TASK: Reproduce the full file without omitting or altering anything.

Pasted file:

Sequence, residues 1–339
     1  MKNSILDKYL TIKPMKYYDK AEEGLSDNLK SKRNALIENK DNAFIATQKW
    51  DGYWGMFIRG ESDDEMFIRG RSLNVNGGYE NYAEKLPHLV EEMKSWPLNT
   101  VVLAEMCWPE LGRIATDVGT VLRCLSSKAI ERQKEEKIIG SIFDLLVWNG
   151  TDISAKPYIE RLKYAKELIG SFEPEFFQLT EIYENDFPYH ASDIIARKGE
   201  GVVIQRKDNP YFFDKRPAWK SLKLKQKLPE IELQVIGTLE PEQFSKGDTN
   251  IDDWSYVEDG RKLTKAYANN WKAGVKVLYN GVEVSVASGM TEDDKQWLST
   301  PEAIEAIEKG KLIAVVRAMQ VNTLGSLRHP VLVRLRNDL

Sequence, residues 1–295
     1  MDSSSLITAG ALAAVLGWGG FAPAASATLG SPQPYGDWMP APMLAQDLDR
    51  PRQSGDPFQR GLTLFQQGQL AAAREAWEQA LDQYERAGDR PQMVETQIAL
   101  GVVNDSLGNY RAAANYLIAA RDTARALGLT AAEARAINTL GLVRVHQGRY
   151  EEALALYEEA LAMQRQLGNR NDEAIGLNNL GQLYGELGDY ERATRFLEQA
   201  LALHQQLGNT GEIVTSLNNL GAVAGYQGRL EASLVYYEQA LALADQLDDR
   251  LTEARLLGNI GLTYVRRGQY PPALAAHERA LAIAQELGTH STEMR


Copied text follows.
Sequence, residues 1–339
     1  MKNSILDKYL TIKPMKYYDK AEEGLSDNLK SKRNALIENK DNAFIATQKW
    51  DGYWGMFIRG ESDDEMFIRG RSLNVNGGYE NYAEKLPHLV EEMKSWPLNT
   101  VVLAEMCWPE LGRIATDVGT VLRCLSSKAI ERQKEEKIIG SIFDLLVWNG
   151  TDISAKPYIE RLKYAKELIG SFEPEFFQLT EIYENDFPYH ASDIIARKGE
   201  GVVIQRKDNP YFFDKRPAWK SLKLKQKLPE IELQVIGTLE PEQFSKGDTN
   251  IDDWSYVEDG RKLTKAYANN WKAGVKVLYN GVEVSVASGM TEDDKQWLST
   301  PEAIEAIEKG KLIAVVRAMQ VNTLGSLRHP VLVRLRNDL

Sequence, residues 1–295
     1  MDSSSLITAG ALAAVLGWGG FAPAASATLG SPQPYGDWMP APMLAQDLDR
    51  PRQSGDPFQR GLTLFQQGQL AAAREAWEQA LDQYERAGDR PQMVETQIAL
   101  GVVNDSLGNY RAAANYLIAA RDTARALGLT AAEARAINTL GLVRVHQGRY
   151  EEALALYEEA LAMQRQLGNR NDEAIGLNNL GQLYGELGDY ERATRFLEQA
   201  LALHQQLGNT GEIVTSLNNL GAVAGYQGRL EASLVYYEQA LALADQLDDR
   251  LTEARLLGNI GLTYVRRGQY PPALAAHERA LAIAQELGTH STEMR